During ECMO, neonates are exposed to multiple sedatives and analgesics, mostly for prolonged periods, to provide comfort, pain relief, and safety. The extracorporeal circuit has a large impact on sedatives and analgesics disposition, leading to high-sedative needs. Drug physicochemical properties may assist in the dose prediction, which is titrated to clinical effect. Indeed, lipophilic agents, like fentanyl, propofol, and midazolam, are highly sequestered into the circuit, especially in the first hours of bypass.18

Benzodiazepines

Moderate sequestration into the circuit has been observed through in vitro experiments, based on both old and contemporary circuits. Two PK studies are available in the neonatal ECMO population, with contrasting results. Both described the increase of volume of distribution (Vd), since the start of ECMO. Mulla et al found a constant confidence interval (CI) of midazolam in neonates on VV ECMO, with a prolonged elimination half-life, leading to drug accumulation after 48 hours.19

Opioids

Fentanyl is highly sequestered into the circuit, and fentanyl dose escalation is required in patients exposed to extracorporeal circuits. Despite the technological improvements, the impact of contemporary hollow fiber-based oxygenators remains high for lipophilic drugs such as fentanyl and sufentanil. When compared with fentanyl, morphine continuous infusions were associated with improved analgesia and reduced drug withdrawal and length of stay. Morphine remains the opioid of choice for neonatal ECMO. Dose adjustments need to be titrated to clinical sedo-analgesic targets, pending evidence on contemporary circuitry-related PK.20

Propofol for ECMO and VAD

Propofol 2% for ECMO and VAD may be able to overcome the disadvantage of 1% propofol. More research will bring forth results. This highly lipophilic and protein-bound sedative-hypnotic agent is largely sequestered into the ECMO circuit. The drug-related toxicity and concerns for propofol infusion syndrome (PRIS) call for caution in the prolonged use of this drug during neonatal ECMO. Higher dose of propofol may be required over time for optimal sedation on ECMO.21 (Table 4)

Table 4
Pharmacokinetics and dosing of some important drugs used in TIVA.

Drug class references

Medication

Logp/PB%

ECMO-related PK changes

Standard dosing in critically ill term

neonates

Dosing recommendations for neonates on

ECMO

Opioid

analgesics8

Morphine

0.99 /

30–40

  • • In vitro: mild-to-moderate drug loss in temporary ECMO systems.

  • • Clinical PK studies (older circuits): no changes

  • • Loading dose 100 Mcg/Kg.

  • • Maintenance Dose 10–40 Mcg/Kg/H

  • • Analgesic of choice during ECMO at most centers.

  • • Minimal dose adjustment may be required.

Benzodiazepine23

Midazolam

3.89 /

97

  • • In vitro: moderate sequestration

  • • Clinical PK: Increased Vd

  • • Loading dose 50–150 Mcg/Kg

  • • Maintenance Dose 10–60 Mcg/Kg/H

  • • consider increasing the loading dose in the early phase of ECMO.

  • • Beware of drug/metabolites accumulation over time.

A2-adrenergic

agonist24

Dexmedetomidine and ECMO and VAD PK

3.39 /

94

  • • In vitro: moderate sequestration

  • • No clinical PK

  • • Loading dose 1 Mcg/Kg.

  • • Maintenance dose 0.2–0.7 Mcg/Kg/H

  • • Although sparse, data suggest the need for a loading dose

Glycopeptide25

Vancomycin and ECMO absorption

−1.4 /

50

  • • In vitro: large increase in Vd, minimal-to-moderate loss conflicting clinical PK data in contemporary circuits, in terms of impact on CI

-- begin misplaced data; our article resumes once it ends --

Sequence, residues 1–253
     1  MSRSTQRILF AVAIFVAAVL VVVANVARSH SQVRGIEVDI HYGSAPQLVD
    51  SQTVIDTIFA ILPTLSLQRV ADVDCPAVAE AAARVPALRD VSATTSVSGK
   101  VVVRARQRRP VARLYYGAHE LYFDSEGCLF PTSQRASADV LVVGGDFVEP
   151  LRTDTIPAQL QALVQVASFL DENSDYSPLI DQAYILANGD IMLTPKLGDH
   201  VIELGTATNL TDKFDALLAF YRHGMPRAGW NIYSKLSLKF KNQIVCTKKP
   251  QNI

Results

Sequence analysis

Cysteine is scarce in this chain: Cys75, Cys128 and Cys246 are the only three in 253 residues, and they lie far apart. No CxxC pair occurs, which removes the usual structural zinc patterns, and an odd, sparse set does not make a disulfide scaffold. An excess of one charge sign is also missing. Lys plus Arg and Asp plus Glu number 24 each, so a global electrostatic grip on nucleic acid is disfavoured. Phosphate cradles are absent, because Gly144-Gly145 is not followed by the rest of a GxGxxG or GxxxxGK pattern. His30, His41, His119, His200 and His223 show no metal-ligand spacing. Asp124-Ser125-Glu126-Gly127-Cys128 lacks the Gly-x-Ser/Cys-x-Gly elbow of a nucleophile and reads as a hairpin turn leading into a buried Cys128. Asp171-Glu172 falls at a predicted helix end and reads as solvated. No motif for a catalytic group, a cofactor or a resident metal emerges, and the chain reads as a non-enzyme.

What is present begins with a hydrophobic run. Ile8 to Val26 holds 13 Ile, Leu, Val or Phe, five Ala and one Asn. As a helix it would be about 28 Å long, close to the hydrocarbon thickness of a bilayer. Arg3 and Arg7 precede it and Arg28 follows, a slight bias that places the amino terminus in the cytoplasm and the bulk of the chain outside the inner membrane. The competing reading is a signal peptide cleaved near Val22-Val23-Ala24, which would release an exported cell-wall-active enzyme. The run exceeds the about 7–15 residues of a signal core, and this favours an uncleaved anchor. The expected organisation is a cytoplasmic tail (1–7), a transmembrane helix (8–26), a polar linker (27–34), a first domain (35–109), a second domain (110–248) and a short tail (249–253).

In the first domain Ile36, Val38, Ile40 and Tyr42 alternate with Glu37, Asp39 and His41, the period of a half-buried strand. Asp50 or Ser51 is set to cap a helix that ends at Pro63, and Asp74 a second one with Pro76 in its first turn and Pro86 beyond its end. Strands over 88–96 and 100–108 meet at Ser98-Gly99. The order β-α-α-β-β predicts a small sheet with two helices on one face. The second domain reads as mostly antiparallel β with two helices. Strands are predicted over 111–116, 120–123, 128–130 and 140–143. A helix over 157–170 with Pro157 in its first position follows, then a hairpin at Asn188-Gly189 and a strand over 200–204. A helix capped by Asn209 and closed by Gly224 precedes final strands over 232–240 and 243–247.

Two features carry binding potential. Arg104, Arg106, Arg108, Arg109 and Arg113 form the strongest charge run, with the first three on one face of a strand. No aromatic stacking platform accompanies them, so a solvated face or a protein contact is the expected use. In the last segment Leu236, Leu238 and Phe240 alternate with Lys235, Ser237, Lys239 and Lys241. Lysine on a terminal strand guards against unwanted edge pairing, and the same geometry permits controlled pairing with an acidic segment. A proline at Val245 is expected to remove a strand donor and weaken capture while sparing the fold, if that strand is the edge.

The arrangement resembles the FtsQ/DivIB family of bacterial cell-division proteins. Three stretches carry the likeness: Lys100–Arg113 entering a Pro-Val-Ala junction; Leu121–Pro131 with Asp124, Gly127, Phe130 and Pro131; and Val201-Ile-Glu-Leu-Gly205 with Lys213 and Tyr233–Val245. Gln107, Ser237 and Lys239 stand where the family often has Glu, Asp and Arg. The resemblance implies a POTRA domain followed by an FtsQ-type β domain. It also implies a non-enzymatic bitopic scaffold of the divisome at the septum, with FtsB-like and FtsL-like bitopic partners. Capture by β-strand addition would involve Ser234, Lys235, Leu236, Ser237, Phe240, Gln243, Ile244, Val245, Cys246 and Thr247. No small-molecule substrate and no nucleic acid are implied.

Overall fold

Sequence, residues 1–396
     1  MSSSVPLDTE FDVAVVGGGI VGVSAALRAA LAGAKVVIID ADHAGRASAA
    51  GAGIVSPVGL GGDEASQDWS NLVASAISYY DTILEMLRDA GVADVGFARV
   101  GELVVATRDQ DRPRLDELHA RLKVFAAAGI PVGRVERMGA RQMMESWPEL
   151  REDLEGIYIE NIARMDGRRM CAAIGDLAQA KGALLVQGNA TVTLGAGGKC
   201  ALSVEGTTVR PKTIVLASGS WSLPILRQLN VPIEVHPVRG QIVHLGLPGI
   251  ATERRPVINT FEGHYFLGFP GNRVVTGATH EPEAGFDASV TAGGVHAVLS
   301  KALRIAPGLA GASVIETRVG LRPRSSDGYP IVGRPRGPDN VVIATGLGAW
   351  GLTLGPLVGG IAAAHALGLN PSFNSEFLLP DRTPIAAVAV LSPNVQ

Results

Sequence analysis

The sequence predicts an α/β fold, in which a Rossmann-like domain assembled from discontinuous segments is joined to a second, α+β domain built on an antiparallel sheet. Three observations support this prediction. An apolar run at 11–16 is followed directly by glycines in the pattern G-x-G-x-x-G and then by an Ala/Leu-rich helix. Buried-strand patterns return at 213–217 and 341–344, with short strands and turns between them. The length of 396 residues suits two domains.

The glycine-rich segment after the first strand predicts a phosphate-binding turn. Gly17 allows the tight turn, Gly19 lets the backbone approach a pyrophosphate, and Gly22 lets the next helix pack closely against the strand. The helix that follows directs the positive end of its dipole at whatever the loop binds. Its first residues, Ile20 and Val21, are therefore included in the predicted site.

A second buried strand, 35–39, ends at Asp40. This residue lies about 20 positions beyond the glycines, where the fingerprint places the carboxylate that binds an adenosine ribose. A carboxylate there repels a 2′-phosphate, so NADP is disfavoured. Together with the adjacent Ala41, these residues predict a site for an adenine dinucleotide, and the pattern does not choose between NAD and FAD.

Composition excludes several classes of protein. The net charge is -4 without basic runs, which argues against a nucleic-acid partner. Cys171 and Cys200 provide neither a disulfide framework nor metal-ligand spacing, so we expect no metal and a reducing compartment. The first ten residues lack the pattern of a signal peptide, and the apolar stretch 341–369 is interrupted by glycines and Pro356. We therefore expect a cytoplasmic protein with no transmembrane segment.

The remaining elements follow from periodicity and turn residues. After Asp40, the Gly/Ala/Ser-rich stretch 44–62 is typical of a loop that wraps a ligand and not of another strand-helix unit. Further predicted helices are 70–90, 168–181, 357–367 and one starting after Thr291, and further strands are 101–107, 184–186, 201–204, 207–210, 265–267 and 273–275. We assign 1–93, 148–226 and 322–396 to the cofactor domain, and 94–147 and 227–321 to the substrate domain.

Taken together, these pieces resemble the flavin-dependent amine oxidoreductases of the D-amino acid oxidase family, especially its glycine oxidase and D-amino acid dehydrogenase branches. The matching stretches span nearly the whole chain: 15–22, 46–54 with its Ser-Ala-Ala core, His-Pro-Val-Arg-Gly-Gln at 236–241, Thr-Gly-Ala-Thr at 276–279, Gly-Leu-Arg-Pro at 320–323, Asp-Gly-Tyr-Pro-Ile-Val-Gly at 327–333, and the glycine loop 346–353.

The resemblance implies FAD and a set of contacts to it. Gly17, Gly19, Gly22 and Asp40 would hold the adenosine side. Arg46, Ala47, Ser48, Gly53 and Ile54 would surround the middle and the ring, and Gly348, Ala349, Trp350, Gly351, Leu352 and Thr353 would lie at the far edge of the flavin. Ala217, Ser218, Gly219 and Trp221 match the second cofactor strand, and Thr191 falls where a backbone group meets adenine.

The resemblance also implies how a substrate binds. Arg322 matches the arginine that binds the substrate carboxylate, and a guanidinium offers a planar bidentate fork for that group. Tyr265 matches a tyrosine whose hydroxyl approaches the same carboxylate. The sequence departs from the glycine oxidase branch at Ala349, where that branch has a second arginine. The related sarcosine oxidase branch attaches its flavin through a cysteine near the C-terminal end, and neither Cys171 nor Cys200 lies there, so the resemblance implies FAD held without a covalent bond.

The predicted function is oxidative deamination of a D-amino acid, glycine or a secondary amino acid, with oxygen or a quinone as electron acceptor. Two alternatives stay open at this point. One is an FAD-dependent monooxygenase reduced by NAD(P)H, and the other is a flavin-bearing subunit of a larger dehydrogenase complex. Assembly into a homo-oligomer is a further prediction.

• • Postnatal age < 7 days: 10–15 Mg/Kg every 8/12 H

  • • >7 days: 15 Mg/Kg every 6/8 H

  • • Dosing guidelines based on age and renal clearance.

  • • Suggested dose in neonates:

  • • Therapeutic drug monitoring for dosing

Dexmedetomidine for ECMO and VAD

Dexmedetomidine helps in weaning from ECMO. Once primed, ECMO circuit was dosed with 840 µg of dexmedetomidine for a final concentration of 0.9 µg/mL. It is good as a sedative analgesic for 6.1 ± 4.8 days, with a low dose infusion of another sedative. Clonidine use and prescription during neonatal and pediatric ECMO is supported by a recent population PK study, which suggested higher clonidine doses, based on the increase of Vd and CI in the specific setting of ECMO and renal replacement therapy. Limited in vitro data are available for dexmedetomidine, which is partially sequestered into the circuit: a LD may be required, although recommendations for its long-term use cannot be provided (Table 4) (Fig. 11).22

Summary of drug physicochemical properties, ECMO-induced PK changes, and drug dosing—Figure 11

ECMO and VAD in ICU

Both ECMO and VAD, needed in ICU, require sedation with intravenous agents. Morphine on ECMO remains the sedative analgesia of choice; dexmedetomidine is useful in weaning from ECMO by decreasing dosage of other drugs. Awake ECMO is becoming more practical today, as it brings in early ambulation and recovery.26

Awake ECMO is the New Norm in 2021, with Help of Short-Acting TIVA Drugs

Success of an awake ECMO are not just dependent on the percutaneous cannulation strategy and ECMO configuration, but also on the use of appropriate sedation and analgesia in the ICU. Some unstable patients may require a ECMO to be inserted under GA in the operating room.

The sedation plan for awake ECMO, should be meticulous. The sedation plan for ECMO and VAD must include techniques and TIVA drugs to achieve conscious sedation and comfort to allow for physiotherapy and mobilization first twenty four hours on ECMO may be with the use of a muscle relaxant but once ECMO goals are met, the aim is a sedation free period with an analgesic in place like fentanyl on flow or use dexmedetomidine infusion (if the haemodynamics permit) to ease a patient into conscious sedation. Patients should be evaluated and oriented to time and place once awake. All interventions must be explained to the patient when with reduced sedation, the patient awakens.

Conclusion

A “one-size-fits-all” approach to sedation and analgesia management in patients on mechanical circulatory support (MCS) is problematic because of interpatient variability as well as subtle differences between devices. Rather, a team of dedicated and experienced providers must take multiple factors into consideration and adjust therapy accordingly. It is useful to have a standardized starting point for ECMO and VAD therapy, so that patients can be evaluated systematically and with a consistent approach, and early ambulation with TIVA should be practiced more as the use of ECMO and VAD increases in 2021.

Conflict of Interest

None declared.